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Decorating mishaps mar holiday season

Falls from ladders are most common injuries

Associated Press

ST. PAUL -- 'Tis the season to be injured.

The national Centers for Disease Control and Prevention estimates nearly 6,000 injuries a year stem from holiday decorating. Doctors who staff emergency rooms in the weeks before and after Christmas say they see too many patients who failed to take that one extra safety precaution.

"Most people who come in and see us can identify something they did that they could have done differently had they thought about it," said Dr. Dave Moen, of Fairview Medical Lakes Center in Wyoming. "Sometimes, they're just in too much of a hurry, so they take shortcuts."

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Sonja Bercich can relate. She recently climbed a ladder outside her home in Shakopee to string Christmas lights. She stretched to reach a hook just out of her reach, then stretched a little more.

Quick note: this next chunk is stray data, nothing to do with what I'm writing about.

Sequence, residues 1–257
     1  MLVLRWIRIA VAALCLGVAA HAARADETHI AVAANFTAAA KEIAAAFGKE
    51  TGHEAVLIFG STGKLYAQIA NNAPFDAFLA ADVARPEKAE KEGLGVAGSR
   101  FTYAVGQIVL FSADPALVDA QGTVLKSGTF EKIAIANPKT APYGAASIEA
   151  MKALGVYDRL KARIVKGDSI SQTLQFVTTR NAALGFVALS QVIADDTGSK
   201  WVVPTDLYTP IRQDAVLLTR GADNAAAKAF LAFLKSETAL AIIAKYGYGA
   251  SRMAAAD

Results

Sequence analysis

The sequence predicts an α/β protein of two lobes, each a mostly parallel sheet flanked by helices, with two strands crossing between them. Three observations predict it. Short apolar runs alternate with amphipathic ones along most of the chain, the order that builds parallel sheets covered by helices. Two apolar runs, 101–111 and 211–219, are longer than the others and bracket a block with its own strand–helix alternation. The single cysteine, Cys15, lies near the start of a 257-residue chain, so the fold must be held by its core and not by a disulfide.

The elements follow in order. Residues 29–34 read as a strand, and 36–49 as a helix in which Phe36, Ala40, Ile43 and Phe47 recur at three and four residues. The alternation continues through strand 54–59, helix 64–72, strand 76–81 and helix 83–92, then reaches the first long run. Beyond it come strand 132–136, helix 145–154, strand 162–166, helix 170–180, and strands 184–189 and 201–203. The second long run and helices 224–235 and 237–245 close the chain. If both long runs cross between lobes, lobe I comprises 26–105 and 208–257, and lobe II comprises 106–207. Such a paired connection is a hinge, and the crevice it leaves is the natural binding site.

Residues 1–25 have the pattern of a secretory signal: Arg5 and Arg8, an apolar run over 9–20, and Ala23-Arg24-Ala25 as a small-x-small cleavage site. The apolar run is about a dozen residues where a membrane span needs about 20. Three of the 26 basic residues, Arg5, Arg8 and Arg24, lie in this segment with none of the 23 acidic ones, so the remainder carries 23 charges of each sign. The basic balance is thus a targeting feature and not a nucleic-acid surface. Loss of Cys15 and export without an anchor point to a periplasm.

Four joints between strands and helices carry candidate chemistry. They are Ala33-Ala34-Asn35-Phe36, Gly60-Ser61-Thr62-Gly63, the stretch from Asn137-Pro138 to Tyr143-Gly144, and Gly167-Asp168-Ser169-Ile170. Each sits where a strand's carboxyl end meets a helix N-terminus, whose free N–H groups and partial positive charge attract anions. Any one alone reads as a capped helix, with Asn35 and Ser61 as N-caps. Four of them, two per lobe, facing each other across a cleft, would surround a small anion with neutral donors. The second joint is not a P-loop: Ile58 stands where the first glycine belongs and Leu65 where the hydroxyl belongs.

Her ladder slipped on the smooth pavement. Bercich crashed to the ground, and an adjacent ladder also fell and hit her head. She broke her ankle and needed 20 staples to close her head wound.

A 2004 report by the CDC encouraged greater public awareness of holiday decorating hazards. While such injuries account for less than 1 percent of all fall-related injuries during the holiday season, the CDC focused on them because they're usually preventable.

The most common injury in the study was caused by a fall from a ladder. Moen said he also treats people who tried to use chairs or other furniture not meant for climbing.

He encouraged people to always use the right equipment, to take extra steps to secure ladders and to stay on the ground whenever possible. Moen uses the ball retriever from his golf bag to string lights from the ground.

Another common winter-related injury is seen in people who fall while sweeping snow from their rooftops, said Dr. John Kvasnicka of the HealthEast Care System, which operates hospitals in St. Paul, Maplewood and Woodbury.

"People are in bulky clothing trying to stay warm," he said, "so they are probably not as agile."

Bercich said word of her injuries spread fast in her neighborhood of two-story homes. After her fall, Bercich and her husband had a professional roofer finish decorating their house.

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"On my block," she said, "everyone just put lights on their first level."

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